Haimon’s Character Analysis
When Haimon first appears in
Antigone by Sophocles, he expresses obedience towards his father, King Creon of Thebes. In the beginning of Scene III, Haimon comes to his father to discuss his fiancée’s (Antigone) death sentence, the very first thing he tells his father is, “ I am your son, father. You are my guide. You make things clear for me, and I obey you” (III, 216).
Here, Haimon states that his father is his moral compass. The choppiness of Haimon’s words also parallel to the tone of a child parroting the instructions given to him by his parents, without any questioning or complaining. Therefore, Haimon places full trust on his father’s wisdom and guidance. A little bit later in the scene, Haimon tells Creon, “No marriage means more to me than your wisdom” (III, 216). Here, Haimon callously states that his father’s wisdom overrides the importance of his fiancée’s unjust fate. Haimon expresses great obedience towards his father because people usually place greater importance towards their significant others, rather than their parents. However, Haimon is obedient enough to take his father’s opinion to heart, rather than defending Antigone’s life. In conclusion, Haimon unconditionally obeys his father, even going as far as placing the importance of his father over the woman he loves.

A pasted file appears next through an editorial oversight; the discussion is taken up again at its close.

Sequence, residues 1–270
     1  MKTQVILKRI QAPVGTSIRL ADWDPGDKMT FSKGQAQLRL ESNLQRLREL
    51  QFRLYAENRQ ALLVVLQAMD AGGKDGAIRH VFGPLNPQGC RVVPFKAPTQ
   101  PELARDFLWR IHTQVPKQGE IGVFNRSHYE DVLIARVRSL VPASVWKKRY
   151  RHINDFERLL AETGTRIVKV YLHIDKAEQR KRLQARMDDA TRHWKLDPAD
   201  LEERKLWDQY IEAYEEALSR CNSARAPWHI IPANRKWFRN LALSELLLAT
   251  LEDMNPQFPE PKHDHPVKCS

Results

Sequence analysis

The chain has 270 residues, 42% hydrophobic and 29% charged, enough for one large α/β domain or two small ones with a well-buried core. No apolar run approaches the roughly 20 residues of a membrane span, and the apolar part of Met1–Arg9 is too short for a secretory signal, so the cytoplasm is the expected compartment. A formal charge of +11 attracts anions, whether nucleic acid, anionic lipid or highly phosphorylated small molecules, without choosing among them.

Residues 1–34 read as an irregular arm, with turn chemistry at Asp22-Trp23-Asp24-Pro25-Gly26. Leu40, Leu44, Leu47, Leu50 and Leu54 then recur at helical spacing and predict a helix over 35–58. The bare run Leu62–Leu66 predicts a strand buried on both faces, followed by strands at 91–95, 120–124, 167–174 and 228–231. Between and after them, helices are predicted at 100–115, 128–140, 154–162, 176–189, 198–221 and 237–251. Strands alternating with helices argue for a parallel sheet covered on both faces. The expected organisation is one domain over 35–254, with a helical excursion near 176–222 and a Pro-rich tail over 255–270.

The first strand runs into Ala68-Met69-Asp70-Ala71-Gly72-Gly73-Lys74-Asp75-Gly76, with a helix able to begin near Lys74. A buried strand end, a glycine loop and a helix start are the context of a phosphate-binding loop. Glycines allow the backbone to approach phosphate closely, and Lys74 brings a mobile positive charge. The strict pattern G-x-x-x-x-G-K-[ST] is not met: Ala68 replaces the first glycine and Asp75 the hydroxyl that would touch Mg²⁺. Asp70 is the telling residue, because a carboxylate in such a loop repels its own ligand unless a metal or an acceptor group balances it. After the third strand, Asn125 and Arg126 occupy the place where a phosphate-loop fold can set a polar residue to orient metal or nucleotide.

Although Haimon expresses unwavering obedience towards his father throughout the beginning of Scene III, he actually turns out to be rather defiant towards Creon. In hopes to convince Creon to change his mind on Antigone's punishment, Haimon states that, “Then she must die. But her death will cause another” ( Scene III, 222). Here, Haimon states that
Antigone will die, but so will he. The act of choosing to die for Antigone expresses defiance because Antigone is the woman that Creon sentenced to death. Therefore, Haimon sides with his